A senior American diplomat plans to visit North Korea in the coming week in a bid to salvage a faltering international effort to get the communist country to give up nuclear weapons, U.S. officials said Saturday.
Christopher Hill, the chief American negotiator in the six-nation talks, will leave for South Korea on Monday and is expected to travel to the North shortly afterward amid growing concern the process is on the verge of collapse, the officials said.
State Department spokesman Sean McCormack confirmed that Hill would fly to Seoul, South Korea, on Monday. He would not comment on any other stops Hill might make.
Other officials said Hill intended to visit North Korea to try to revive the six-nation process that has deteriorated since August, when North Korean leader Kim Jong Il is believed to have suffered a stroke and his country began steps to restart its disable nuclear reactor.
The officials spoke on condition of anonymity because Hill's plans have not yet been announced and his mission in North Korea has not yet been fully defined. The Washington Post first reported on the development on its Web site Saturday.
Hill met with fellow envoys in international effort over the past week to come up with ways to try and persuade North Korea to reverse the actions it is taking at the Yongbyon nuclear facility and accept a plan to verify it has fully accounted for all past atomic activities.
Earlier this past week, North Korea ordered U.N. nuclear monitors to leave the country and said it would reinsert nuclear material into the plutonium-processing plant within a week, sparking alarm.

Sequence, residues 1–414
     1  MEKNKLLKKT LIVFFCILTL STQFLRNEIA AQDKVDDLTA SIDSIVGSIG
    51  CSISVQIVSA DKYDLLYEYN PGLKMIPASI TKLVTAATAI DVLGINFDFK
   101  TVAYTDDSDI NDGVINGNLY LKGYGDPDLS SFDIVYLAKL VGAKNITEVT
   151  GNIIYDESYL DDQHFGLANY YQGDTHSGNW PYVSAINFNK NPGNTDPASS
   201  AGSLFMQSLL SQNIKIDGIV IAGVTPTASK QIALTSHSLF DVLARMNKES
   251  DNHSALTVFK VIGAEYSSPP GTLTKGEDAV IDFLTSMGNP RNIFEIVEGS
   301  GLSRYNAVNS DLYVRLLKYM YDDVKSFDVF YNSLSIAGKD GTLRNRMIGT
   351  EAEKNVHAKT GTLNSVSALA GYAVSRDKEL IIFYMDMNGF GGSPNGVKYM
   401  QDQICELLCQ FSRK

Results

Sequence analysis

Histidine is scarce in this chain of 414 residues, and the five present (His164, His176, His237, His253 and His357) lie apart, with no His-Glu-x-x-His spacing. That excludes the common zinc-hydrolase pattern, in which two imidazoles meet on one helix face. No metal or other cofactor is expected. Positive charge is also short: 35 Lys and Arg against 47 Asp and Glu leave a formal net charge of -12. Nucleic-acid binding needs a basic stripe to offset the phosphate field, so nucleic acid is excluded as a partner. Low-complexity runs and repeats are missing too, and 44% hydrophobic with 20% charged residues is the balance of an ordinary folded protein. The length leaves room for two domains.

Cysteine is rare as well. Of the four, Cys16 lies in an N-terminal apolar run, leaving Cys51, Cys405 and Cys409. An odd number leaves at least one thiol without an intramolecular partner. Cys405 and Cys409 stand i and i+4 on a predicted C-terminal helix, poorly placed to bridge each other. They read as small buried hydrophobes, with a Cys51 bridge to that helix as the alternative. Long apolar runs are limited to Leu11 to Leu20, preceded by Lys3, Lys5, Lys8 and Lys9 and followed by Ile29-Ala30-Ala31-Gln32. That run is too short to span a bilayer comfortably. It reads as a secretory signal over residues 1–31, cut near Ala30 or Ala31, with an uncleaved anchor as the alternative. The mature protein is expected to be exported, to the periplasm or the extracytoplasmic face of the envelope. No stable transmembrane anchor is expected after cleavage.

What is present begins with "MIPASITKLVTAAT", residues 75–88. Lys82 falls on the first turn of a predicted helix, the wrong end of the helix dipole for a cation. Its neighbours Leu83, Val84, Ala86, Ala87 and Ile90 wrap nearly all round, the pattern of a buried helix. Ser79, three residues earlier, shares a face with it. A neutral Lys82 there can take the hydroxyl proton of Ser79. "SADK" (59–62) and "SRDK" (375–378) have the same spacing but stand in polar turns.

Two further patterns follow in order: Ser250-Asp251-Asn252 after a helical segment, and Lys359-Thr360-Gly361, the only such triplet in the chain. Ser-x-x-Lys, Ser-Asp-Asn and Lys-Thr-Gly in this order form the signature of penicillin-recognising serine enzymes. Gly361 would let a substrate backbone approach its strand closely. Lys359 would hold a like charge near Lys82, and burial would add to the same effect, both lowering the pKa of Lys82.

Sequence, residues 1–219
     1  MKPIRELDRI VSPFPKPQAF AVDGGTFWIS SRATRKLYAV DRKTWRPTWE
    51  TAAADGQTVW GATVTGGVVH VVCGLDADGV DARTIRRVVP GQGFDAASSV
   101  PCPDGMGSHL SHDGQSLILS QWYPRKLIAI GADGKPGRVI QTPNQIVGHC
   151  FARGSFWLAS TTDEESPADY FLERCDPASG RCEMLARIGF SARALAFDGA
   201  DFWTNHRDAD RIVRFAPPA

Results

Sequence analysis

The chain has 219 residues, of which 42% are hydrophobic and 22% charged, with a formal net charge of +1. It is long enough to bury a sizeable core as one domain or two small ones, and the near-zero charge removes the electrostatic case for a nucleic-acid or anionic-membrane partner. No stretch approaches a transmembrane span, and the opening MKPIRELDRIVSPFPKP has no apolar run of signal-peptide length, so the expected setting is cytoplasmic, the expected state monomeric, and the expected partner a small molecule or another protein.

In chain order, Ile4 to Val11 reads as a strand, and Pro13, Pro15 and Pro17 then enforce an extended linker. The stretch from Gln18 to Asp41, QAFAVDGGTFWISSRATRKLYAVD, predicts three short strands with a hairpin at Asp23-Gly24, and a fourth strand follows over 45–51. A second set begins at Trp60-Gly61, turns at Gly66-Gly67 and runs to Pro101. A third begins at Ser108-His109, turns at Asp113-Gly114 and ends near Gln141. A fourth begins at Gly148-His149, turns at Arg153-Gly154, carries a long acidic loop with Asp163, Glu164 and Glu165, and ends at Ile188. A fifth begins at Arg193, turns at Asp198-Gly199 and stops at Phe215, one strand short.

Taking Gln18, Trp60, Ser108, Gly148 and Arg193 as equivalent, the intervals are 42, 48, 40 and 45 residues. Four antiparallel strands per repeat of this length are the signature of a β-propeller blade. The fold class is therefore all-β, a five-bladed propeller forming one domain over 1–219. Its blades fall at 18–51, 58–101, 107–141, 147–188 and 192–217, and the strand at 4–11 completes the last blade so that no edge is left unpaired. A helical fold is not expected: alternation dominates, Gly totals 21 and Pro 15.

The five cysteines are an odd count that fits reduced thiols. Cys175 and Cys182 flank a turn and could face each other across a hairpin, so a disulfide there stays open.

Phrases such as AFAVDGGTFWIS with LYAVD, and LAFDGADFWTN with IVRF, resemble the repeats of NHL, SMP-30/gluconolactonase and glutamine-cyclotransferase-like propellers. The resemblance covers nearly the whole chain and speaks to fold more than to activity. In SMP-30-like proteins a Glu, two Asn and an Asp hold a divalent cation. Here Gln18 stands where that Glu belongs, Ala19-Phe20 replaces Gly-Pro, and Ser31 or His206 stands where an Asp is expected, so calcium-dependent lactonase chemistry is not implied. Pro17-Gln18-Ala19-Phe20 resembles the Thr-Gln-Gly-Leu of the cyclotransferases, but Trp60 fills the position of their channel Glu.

That led Secretary of State Condoleezza Rice to warn the country that restarting its nuclear program "would only deepen its isolation." The North exploded a nuclear device in 2006.
After several months of promising moves, including submitting a long-delayed accounting of its atomic activities and blowing up the cooling tower at Yongbyon in June, the North stopped disabling Yongbyon in August to protest Washington's refusal to remove it from a list of countries that sponsor terrorism.
The United States says North Korea won't be taken off the list until it agrees to the verification plan.
North Korea had agreed last year to begin disabling its nuclear system in exchange for energy aid and other concessions from the five nations it is negotiating with: China, Japan, Russia, South Korea and the United States.
On Friday, South Korea's foreign minister warned the North's moves toward restarting its nuclear plant could erase years of progress. "We are faced with a difficult situation where this (negotiation) is not moving forward and may go back to square one," Yu Myung-hwan said.